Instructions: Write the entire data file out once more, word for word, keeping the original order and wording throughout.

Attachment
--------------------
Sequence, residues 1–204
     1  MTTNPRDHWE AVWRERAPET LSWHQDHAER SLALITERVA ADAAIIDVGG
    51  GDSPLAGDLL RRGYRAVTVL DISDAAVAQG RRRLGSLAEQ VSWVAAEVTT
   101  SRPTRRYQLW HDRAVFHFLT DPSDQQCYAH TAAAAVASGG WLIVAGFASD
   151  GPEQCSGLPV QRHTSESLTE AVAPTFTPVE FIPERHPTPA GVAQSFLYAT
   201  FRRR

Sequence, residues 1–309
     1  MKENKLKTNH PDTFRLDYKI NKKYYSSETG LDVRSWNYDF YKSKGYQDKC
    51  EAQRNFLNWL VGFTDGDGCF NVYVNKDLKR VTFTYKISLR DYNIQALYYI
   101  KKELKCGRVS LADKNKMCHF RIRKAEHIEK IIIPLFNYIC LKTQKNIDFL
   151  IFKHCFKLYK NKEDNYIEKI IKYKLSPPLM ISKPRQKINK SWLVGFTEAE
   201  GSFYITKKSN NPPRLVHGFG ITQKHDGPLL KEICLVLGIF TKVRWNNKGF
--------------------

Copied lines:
Sequence, residues 1–204
     1  MTTNPRDHWE AVWRERAPET LSWHQDHAER SLALITERVA ADAAIIDVGG
    51  GDSPLAGDLL RRGYRAVTVL DISDAAVAQG RRRLGSLAEQ VSWVAAEVTT
   101  SRPTRRYQLW HDRAVFHFLT DPSDQQCYAH TAAAAVASGG WLIVAGFASD
   151  GPEQCSGLPV QRHTSESLTE AVAPTFTPVE FIPERHPTPA GVAQSFLYAT
   201  FRRR

Sequence, residues 1–309
     1  MKENKLKTNH PDTFRLDYKI NKKYYSSETG LDVRSWNYDF YKSKGYQDKC
    51  EAQRNFLNWL VGFTDGDGCF NVYVNKDLKR VTFTYKISLR DYNIQALYYI
   101  KKELKCGRVS LADKNKMCHF RIRKAEHIEK IIIPLFNYIC LKTQKNIDFL
   151  IFKHCFKLYK NKEDNYIEKI IKYKLSPPLM ISKPRQKINK SWLVGFTEAE
   201  GSFYITKKSN NPPRLVHGFG ITQKHDGPLL KEICLVLGIF TKVRWNNKGF